Written proof should be retained on file to demonstrate that the directors have satisfied themselves that all transactions with connected parties have been on an arm’s length basis. Signature of the annual tax return signifies effective confirmation that the correct procedures have been followed. The proof normally takes the form of a transfer pricing report.
The main components of the transfer pricing report are:
• functional and risk analysis of the businesses concerned;
• analysis of the appropriate pricing model to be adopted; and
• a benchmark study for an arm’s length pricing policy.
Penalties and enquiries
Penalties for failing to properly set transfer prices can be very severe.
Additionally, enquiries and investigations in this regard can arise some considerable time after the transactions to which they relate have taken place and the internal and external costs of resolving such issues can be high.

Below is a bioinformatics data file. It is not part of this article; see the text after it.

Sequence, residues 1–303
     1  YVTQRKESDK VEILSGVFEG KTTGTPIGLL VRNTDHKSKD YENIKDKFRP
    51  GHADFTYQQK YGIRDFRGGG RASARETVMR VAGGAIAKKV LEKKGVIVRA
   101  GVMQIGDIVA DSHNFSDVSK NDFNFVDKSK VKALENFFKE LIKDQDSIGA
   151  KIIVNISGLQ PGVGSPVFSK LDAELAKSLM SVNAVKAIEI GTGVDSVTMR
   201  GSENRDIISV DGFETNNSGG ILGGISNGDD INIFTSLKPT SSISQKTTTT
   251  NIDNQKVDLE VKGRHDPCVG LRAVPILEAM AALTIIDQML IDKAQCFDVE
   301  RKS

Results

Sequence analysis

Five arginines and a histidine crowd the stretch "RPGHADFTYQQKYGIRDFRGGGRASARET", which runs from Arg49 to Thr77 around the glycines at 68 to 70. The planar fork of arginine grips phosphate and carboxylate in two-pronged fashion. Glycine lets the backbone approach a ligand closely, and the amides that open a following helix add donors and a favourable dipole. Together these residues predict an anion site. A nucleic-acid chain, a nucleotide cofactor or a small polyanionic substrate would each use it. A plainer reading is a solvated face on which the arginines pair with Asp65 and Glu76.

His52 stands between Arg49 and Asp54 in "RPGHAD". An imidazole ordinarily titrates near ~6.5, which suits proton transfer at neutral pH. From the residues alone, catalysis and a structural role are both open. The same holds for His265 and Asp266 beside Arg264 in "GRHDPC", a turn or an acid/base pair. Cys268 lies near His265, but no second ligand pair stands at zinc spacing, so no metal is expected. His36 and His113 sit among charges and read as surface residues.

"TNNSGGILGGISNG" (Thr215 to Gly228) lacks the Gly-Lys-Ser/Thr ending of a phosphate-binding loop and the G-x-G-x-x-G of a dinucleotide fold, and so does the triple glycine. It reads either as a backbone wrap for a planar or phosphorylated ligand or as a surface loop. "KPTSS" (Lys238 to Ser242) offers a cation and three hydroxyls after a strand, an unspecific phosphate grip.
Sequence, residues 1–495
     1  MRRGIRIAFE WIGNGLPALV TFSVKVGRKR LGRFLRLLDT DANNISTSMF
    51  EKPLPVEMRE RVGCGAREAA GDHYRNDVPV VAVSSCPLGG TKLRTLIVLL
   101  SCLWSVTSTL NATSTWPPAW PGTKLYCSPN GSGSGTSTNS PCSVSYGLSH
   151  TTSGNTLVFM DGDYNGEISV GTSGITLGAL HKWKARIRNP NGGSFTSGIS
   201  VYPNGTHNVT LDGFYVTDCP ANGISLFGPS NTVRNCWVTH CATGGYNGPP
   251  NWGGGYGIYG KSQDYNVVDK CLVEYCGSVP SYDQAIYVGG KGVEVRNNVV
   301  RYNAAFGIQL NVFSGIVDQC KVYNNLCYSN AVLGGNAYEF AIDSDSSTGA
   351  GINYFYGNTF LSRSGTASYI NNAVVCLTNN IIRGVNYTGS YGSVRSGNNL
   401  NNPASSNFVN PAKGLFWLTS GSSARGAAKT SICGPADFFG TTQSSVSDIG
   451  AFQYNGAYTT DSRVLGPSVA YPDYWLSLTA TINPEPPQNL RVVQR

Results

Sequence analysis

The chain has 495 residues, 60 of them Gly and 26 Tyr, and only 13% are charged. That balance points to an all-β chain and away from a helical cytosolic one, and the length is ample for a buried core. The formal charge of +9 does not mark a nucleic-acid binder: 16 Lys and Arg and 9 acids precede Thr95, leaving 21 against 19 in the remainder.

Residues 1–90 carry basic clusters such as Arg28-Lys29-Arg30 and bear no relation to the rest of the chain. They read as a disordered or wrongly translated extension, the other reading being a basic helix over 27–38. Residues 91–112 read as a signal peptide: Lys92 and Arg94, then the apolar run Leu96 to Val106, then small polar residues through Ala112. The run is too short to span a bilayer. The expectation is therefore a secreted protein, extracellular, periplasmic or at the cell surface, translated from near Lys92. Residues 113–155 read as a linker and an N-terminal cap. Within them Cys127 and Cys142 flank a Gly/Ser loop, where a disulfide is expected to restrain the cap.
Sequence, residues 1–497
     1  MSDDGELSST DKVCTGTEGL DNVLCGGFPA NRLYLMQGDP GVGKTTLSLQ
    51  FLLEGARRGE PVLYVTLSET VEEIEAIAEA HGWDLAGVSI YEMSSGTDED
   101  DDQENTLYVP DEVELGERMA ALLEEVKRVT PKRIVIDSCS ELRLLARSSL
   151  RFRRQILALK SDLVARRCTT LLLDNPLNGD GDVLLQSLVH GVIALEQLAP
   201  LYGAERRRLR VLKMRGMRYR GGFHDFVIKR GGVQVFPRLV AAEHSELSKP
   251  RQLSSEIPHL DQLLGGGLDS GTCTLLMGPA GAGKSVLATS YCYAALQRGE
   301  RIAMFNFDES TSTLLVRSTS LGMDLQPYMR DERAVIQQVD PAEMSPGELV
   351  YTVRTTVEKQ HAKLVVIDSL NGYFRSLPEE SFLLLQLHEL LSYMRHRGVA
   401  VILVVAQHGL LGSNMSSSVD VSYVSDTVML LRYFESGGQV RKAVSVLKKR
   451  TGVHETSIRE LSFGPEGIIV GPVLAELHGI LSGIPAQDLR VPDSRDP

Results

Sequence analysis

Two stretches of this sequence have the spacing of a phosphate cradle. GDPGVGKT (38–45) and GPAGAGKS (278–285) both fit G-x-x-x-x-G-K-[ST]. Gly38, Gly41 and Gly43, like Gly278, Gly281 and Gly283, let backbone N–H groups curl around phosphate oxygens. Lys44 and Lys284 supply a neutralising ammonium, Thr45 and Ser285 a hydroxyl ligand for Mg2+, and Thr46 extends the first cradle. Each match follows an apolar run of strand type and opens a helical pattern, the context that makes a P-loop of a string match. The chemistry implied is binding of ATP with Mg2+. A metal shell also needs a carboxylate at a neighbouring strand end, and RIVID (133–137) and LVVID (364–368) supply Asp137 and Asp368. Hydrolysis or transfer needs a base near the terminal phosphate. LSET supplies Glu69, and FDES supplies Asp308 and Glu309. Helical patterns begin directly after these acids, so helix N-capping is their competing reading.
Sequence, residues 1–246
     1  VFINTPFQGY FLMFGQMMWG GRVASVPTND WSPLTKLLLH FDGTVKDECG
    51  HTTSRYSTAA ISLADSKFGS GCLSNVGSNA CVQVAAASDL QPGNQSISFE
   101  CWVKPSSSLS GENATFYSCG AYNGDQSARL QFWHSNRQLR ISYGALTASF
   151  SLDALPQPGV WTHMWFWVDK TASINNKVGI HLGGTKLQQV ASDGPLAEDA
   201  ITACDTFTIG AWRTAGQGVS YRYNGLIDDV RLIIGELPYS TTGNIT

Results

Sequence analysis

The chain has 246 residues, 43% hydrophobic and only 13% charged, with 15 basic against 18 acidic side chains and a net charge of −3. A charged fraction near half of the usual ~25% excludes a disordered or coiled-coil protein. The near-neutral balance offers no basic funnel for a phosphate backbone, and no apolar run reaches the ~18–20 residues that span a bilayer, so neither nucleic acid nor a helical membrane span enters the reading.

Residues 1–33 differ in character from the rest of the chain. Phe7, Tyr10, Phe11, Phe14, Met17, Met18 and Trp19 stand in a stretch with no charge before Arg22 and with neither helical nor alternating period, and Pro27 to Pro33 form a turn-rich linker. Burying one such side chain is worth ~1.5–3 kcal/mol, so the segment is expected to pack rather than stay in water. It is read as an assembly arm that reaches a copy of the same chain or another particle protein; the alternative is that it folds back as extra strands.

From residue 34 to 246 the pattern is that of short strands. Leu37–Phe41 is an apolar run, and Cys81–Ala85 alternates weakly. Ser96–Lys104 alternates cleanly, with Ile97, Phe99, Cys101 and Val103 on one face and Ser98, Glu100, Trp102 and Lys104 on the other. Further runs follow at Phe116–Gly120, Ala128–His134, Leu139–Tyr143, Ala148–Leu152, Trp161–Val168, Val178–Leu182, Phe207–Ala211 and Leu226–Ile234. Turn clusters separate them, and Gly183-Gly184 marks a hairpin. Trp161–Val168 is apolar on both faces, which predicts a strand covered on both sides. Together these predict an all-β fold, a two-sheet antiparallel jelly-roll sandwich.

Particular factors influencing an enquiry
The following could result in an enquiry into a business’s transfer pricing policy:
• Activities in or involving tax havens or tax shelters
• Losses over a number of years
• Large royalty/management fees
• Charges for the use of intellectual property
• Innovative business structures
Additionally, however, enquiries can also arise as a matter of routine or on a random basis.
The transfer pricing model adopted in each instance should reflect the commercial reality of the business’s transactions. This is very important to minimise penalties and the costs and time of enquiries from tax authorities.